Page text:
JERUSALEM (Oct. 3)
Reactions to this week’s Middle East summit in Washington were mixed as Israeli Premier Benjamin Netanyahu returned home.
Israeli officials hailed the summit as a success and Palestinian officials expressed dismay as the two sides prepared to return to the negotiating table Sunday at the Erez Crossing.
The Israeli redeployment from most of the West Bank town of Hebron and other security issues are to top the agenda of the renewed talks, which are to be mediated by U.S. Middle East envoy Dennis Ross.
Some officials here said they thought that Netanyahu and President Clinton had a tacit agreement on the date of an Israel Defense Force redeployment in Hebron.
And Israel Radio reported that Netanyahu was believed to have given the Palestinians a document outlining the government’s security principles in general, and on Hebron in particular.
Clinton, who has since expressed disappointment that the negotiators were not able to reach any formal agreement at the summit, convened the Washington meeting to salvage the peace process after it was ravaged by last week’s explosion of violence.
Rioting by Palestinians — touched off when Israel opened a new entrance to an archaeological tunnel alongside the Temple Mount in Jerusalem’s Old City – – quickly escalated out of control, with Palestinian police and Israeli soldiers exchanging gunfire. By the end of the week, 58 Palestinians and 15 Israelis were killed.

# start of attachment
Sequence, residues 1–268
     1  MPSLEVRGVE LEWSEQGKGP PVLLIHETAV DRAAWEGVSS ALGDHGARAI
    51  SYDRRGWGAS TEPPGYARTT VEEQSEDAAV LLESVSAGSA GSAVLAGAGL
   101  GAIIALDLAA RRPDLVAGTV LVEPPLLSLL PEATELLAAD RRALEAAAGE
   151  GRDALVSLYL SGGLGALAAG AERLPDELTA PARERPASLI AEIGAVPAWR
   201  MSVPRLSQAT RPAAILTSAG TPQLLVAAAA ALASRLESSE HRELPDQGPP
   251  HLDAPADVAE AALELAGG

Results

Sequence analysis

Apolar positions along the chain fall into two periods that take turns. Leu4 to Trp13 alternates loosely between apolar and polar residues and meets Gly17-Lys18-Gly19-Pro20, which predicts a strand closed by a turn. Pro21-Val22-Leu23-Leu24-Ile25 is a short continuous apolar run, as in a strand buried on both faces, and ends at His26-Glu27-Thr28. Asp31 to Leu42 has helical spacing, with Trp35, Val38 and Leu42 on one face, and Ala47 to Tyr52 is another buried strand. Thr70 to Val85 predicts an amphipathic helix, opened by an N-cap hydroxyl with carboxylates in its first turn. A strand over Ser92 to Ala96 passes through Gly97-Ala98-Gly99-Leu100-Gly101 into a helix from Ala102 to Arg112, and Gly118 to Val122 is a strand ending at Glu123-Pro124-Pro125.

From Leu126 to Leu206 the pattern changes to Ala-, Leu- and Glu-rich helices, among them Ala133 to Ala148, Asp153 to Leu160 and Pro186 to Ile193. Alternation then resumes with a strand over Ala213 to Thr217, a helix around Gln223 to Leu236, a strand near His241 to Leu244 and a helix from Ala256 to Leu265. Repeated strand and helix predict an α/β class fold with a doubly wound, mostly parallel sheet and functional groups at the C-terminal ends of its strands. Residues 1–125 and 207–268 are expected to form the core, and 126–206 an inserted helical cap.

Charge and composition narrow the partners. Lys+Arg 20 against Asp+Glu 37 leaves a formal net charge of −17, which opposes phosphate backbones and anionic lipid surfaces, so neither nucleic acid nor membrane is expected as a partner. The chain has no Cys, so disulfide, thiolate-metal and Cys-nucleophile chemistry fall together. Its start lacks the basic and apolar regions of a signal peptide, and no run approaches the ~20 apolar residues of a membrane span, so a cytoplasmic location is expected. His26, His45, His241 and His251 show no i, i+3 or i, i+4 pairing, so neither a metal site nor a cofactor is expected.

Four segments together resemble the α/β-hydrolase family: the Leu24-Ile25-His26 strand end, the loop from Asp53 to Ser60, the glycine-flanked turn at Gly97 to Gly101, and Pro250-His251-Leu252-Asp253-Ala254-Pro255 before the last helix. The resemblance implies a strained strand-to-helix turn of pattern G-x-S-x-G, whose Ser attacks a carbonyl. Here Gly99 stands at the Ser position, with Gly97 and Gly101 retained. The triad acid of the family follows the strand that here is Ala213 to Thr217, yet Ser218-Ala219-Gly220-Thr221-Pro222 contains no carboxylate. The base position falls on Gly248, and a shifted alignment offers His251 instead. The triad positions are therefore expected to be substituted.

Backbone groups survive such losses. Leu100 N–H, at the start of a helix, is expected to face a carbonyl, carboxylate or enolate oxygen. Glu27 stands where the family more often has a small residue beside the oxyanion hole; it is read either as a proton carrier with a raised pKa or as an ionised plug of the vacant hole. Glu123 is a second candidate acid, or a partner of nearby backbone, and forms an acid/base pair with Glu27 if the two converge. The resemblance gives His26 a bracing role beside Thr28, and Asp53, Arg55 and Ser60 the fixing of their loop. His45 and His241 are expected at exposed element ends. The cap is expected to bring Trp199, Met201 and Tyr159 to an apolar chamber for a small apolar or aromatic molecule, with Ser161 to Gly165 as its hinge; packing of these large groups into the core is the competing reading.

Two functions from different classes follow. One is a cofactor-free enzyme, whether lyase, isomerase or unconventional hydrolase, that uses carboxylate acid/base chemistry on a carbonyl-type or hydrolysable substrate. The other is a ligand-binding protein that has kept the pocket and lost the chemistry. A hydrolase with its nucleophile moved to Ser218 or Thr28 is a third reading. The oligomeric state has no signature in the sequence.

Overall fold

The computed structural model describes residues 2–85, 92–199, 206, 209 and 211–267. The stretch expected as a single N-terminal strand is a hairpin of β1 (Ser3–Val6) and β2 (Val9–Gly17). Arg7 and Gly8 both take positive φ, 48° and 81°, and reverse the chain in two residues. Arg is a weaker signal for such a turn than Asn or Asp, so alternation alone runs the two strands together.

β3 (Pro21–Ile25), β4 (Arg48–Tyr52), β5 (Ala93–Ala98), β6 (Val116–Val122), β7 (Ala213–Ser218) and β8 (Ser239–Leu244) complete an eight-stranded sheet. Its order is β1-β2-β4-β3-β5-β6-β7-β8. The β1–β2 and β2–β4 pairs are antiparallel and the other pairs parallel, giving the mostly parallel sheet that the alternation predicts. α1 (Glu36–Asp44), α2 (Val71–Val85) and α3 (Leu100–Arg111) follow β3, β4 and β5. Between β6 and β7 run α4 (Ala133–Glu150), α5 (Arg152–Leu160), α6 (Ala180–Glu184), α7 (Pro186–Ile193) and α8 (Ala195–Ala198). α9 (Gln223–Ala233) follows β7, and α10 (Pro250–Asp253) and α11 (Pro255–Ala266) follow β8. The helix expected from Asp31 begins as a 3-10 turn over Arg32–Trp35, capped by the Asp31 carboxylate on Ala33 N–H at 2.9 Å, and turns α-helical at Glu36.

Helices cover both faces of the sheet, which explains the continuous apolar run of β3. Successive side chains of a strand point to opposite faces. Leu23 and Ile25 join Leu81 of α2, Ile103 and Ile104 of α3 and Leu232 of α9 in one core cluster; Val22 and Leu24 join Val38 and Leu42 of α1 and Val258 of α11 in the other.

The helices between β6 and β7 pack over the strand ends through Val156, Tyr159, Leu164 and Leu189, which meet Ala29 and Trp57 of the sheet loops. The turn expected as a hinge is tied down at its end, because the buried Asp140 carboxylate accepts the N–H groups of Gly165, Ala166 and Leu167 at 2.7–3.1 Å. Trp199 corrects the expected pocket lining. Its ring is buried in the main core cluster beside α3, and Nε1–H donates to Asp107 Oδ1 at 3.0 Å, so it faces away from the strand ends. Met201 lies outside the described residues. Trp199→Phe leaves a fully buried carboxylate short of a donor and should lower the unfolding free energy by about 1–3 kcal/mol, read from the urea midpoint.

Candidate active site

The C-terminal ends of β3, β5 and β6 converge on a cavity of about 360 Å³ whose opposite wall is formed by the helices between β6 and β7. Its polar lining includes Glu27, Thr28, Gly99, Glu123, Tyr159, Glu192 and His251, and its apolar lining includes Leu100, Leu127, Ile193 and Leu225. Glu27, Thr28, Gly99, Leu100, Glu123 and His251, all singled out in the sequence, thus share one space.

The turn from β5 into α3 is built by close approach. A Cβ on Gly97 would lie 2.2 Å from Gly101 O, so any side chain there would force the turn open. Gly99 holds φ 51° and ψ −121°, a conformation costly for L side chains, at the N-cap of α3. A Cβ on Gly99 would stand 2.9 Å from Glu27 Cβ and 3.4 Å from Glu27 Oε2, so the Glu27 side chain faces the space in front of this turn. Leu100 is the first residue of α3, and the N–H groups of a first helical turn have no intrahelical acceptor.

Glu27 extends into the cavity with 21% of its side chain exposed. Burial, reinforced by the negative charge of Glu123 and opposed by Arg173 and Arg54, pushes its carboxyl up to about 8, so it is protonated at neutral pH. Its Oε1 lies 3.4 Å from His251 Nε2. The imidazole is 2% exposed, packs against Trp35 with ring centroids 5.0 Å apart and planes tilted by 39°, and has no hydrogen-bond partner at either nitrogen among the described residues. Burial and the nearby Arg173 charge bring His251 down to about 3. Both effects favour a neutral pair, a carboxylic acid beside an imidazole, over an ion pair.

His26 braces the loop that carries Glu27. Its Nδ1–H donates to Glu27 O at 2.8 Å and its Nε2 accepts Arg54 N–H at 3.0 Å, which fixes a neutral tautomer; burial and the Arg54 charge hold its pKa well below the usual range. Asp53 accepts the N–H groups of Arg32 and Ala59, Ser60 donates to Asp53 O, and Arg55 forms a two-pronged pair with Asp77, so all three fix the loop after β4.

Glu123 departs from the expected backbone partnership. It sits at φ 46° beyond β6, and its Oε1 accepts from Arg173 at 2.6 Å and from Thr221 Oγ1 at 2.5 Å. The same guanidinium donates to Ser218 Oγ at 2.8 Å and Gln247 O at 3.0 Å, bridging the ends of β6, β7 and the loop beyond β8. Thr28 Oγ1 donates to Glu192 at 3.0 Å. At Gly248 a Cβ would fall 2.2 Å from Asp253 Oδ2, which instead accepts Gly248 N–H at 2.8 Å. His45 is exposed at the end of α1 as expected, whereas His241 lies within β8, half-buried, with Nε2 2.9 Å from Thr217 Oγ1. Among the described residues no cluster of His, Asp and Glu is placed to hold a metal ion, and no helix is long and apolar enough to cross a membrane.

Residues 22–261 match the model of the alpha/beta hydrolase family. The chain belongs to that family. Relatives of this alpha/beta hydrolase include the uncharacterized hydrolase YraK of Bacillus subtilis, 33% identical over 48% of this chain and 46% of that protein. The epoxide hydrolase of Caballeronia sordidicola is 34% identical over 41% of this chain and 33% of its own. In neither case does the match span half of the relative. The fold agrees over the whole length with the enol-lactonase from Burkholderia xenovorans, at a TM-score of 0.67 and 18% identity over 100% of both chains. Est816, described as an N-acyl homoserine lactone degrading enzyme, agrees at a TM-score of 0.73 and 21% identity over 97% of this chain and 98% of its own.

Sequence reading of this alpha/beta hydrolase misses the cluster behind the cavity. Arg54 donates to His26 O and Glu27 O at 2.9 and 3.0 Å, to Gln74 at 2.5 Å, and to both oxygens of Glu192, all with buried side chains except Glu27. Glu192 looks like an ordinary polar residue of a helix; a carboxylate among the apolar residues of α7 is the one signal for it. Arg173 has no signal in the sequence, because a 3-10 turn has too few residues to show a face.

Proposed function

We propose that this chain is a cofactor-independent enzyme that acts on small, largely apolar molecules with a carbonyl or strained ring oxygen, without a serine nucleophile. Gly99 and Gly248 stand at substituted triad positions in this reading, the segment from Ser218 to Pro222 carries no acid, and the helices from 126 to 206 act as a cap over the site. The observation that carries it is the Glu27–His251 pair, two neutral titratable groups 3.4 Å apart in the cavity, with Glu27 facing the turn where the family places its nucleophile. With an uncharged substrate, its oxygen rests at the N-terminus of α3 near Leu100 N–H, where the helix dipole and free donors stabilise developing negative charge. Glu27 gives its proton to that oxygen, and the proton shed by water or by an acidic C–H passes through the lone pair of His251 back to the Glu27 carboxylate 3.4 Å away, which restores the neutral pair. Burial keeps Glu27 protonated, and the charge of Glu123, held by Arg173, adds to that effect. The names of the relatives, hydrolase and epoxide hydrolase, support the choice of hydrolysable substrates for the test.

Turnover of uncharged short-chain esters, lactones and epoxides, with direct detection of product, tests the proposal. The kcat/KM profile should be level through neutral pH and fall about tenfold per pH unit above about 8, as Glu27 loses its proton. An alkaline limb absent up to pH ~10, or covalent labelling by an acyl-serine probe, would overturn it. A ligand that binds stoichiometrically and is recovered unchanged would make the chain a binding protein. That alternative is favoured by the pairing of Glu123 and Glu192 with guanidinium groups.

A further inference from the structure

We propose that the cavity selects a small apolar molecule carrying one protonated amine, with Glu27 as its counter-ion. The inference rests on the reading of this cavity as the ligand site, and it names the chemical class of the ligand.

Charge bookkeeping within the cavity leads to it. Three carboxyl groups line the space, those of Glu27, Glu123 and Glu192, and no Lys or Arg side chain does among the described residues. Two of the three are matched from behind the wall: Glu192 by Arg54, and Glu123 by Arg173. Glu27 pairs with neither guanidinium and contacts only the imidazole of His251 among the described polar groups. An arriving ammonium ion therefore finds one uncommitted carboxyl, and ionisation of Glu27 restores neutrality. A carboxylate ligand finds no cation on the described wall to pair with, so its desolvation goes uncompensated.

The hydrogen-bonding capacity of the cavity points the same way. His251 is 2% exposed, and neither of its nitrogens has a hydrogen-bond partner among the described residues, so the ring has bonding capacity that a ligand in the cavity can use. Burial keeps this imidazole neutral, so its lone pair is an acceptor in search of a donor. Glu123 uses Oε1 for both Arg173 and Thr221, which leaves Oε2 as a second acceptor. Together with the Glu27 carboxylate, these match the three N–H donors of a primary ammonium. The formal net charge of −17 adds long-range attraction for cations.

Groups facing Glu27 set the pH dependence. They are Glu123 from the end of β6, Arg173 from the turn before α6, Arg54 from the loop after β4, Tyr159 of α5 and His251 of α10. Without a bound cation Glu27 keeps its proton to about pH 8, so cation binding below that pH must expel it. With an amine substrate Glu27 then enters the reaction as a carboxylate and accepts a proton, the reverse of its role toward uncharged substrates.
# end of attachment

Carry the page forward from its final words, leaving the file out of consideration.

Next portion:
“The Israeli government’s expectations for the Washington summit was that we would not conclude anything substantive, and that if any such progress is made, it will be around the negotiating table next week,” Moshe Katzav, Israel’s tourism minister, told Israeli media. “In my opinion, Netanyahu successfully attained the objective he set for himself.”
Knesset member Ehud Barak of the Labor Party said Netanyahu had succeeded in buying time, but real success would depend on what actions he takes.
Barak, also a former Israeli foreign minister, added, “Arafat and Netanyahu together maneuvered the peace process to the brink of explosion.”
Palestinian Council member Ziad Abu-Ziad said he was disappointed with the summit’s outcome. “If Prime Minister Netanyahu remains a prisoner to his ideology, there will be violence,” Abu-Ziad said. “He must understand that the government must change its positions for the process to continue.”
Meanwhile, the West Bank and Gaza Strip remained mostly quiet Thursday.
In Hebron, Palestinians threw stones at IDF soldiers when a curfew on the West Bank town was lifted to allow residents to purchase supplies.
One Israeli soldier was lightly hurt by stones near the A-Ram checkpoint north of Jerusalem, and an Israeli was lightly hurt by stones near Halhoul, in the Hebron area.
In addition, the Hamas fundamentalist group issued a statement in Beirut calling on Palestinians to riot and confront Israeli forces after Friday prayers.
In a related development, Israeli Defense Minister Yitzhak Mordechai agreed to take steps to ease restrictions in the territories, contingent upon the security situation. He held security consultations in Tel Aviv, saying that he would move tanks farther away from where they had been stationed near Bethlehem.
Israeli security officials, however, remained on high alert.
A senior Israeli official source was quoted as saying that Israel could announce a number of measures Sunday as confidence-building gestures ahead of the talks. These could include allowing the passage of products into the West Bank and Gaza, lifting the closure on the territories after last week’s riots and gradually allowing Palestinians to return to jobs inside Israel, the source said.